Top 3 global death causes in last 23 years-diarrhea, heart diseases & maternal mortality: Lancet & WHO
HIV-AIDS that ravaged Sub-Saharan Africa is on the decline; while heart related diseases and cancer is on the rise in high income countries. Diarrhea, respiratory infections and communicable diseases devastated many low income regions; suicidal self-harm and maternal disorders were significantly present across all regions. 19 % of global deaths reported from India.
These are some of the findings of the Global Burden of Disease Study 2013 (GBD), a massive WHO data project which estimated yearly deaths for 188 countries between 1990 and 2013; but included data from 1950 onwards but not reported. The Study funded by the Gates Foundation was reported in December 2014 in The Lancet (Access the study and download data here). While most regions had recorded data, Somalia did not have any data and surprisingly there was poor data available from Laos.
The number and age standardisation deaths caused by communicable causes fell whereas it increased for non-communicable diseases and injuries. The number for injury related death increased by 10.7%, from 4.3 million deaths in 1990 to 4.8 million in 2013. Transport injuries was an important made an important cause, especially among men across all countries. In terms of child mortality, diarrhoeal diseases, lower respiratory infections, neonatal causes, and malaria continue to causes of death in children younger than 5 years.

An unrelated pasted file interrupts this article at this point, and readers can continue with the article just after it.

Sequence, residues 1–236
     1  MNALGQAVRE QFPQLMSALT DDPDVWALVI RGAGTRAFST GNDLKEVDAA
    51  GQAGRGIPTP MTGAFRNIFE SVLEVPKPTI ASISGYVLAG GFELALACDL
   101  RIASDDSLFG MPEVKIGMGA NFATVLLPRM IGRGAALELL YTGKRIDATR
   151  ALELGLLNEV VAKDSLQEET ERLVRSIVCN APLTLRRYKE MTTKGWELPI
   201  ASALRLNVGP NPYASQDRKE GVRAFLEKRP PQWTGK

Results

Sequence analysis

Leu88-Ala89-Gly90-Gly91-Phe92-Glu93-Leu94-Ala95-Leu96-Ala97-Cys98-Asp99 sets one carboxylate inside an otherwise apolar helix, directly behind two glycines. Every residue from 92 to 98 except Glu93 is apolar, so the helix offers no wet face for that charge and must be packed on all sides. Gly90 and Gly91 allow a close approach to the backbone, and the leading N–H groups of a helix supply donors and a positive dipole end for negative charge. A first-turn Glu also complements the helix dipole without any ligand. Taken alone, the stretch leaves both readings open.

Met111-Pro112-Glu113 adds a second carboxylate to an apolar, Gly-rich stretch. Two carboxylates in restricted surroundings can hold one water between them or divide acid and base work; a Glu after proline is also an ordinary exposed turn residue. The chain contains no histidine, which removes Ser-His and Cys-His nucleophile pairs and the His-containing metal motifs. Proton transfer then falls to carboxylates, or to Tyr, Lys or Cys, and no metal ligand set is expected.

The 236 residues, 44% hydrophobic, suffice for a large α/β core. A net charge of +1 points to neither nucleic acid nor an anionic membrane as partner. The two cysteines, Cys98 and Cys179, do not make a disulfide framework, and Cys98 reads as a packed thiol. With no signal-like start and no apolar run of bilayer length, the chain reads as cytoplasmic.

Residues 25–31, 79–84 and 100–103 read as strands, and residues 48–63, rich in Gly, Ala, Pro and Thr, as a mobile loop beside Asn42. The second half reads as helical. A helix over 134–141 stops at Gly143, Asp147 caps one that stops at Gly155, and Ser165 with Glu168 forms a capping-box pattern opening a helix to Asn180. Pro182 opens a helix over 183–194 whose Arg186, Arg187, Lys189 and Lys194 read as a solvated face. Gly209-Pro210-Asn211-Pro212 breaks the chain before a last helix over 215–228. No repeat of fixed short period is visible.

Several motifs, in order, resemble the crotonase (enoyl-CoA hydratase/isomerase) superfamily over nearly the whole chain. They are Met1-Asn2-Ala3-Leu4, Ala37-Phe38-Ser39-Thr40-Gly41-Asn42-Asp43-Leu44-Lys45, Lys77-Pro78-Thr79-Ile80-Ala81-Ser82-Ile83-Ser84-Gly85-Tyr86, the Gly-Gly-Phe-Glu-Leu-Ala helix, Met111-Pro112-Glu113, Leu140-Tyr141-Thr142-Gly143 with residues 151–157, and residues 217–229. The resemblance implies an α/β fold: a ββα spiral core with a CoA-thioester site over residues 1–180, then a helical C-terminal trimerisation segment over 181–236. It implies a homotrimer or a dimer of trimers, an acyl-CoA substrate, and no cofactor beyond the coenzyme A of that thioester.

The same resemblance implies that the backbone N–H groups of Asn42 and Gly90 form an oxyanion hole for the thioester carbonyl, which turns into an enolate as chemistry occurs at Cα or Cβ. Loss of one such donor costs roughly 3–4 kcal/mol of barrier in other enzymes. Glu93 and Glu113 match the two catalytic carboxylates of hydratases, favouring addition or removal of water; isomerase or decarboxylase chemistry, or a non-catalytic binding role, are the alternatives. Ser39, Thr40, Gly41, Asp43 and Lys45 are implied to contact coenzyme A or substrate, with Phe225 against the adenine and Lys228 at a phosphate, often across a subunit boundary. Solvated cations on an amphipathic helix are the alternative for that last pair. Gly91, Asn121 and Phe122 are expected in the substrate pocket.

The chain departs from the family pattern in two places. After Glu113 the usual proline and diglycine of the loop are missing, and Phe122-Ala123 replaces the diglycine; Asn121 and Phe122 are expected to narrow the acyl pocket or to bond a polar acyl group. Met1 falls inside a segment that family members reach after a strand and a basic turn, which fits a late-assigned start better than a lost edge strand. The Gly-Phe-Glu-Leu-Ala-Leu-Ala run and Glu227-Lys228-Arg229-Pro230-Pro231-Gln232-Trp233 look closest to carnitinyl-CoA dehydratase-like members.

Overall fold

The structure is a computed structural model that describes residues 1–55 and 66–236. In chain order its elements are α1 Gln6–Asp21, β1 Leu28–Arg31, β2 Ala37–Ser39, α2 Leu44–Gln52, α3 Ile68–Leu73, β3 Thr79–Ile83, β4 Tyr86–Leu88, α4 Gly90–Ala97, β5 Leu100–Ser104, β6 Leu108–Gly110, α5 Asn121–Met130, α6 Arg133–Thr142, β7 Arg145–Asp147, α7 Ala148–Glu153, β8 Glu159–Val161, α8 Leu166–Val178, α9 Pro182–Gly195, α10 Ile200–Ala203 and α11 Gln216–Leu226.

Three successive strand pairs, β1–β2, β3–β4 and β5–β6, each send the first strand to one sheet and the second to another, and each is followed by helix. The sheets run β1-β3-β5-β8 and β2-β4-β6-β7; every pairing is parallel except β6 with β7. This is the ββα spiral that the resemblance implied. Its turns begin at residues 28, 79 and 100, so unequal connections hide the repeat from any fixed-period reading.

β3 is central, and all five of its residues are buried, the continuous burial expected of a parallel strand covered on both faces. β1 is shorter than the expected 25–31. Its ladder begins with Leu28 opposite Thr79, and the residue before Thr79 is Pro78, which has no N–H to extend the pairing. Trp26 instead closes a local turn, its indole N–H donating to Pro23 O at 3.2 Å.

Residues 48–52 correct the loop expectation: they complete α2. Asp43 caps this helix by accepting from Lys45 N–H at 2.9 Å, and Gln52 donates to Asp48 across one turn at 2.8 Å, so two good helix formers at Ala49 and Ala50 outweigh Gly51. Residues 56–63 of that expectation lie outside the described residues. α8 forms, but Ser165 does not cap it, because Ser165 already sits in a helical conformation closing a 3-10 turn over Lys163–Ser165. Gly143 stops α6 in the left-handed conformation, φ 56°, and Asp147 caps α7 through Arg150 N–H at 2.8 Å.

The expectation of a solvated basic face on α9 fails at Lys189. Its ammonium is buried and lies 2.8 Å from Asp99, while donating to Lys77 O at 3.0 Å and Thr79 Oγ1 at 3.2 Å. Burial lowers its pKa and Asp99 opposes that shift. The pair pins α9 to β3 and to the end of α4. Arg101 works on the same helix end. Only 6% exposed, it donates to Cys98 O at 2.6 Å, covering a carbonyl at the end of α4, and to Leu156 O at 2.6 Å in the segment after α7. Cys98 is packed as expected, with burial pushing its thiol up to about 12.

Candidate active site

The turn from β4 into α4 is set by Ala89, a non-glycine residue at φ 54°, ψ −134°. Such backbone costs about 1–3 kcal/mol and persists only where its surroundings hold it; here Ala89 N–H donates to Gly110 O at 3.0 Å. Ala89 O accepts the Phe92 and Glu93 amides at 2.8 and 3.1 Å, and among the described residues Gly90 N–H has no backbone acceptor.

HIV/AIDS is a major cause of death in South East Asia and South Asia but it does not receive the attention it requires. Mental disorders and drug abuse were important causes in North America while suicides reduced life expectancy in South Asia and China, from where farmer suicides are frequently reported. Cirrhosis related to liver diseases is reported as a major cause in Eastern Europe and Central Asia, where many countries deal with the problem of alcoholism. Cervical cancer was a major reason followed by breast cancer in eight countries of Latin America and Caribbean. Throughout sub-Saharan Africa, maternal mortality, HIV/AIDS, and tuberculosis contributed considerably for many women’s death.
This study can provide critical inputs in the development of the Sustainable Development Goals (SDG) process. Numerous ambitious goals have been discussed such as the elimination of preventable child and maternal mortality in a generation. The Lancet Commission on Global Health 2035, that pushes for investment in health claimed that a grand convergence in health is achievable between the poorer and richer countries by 2035.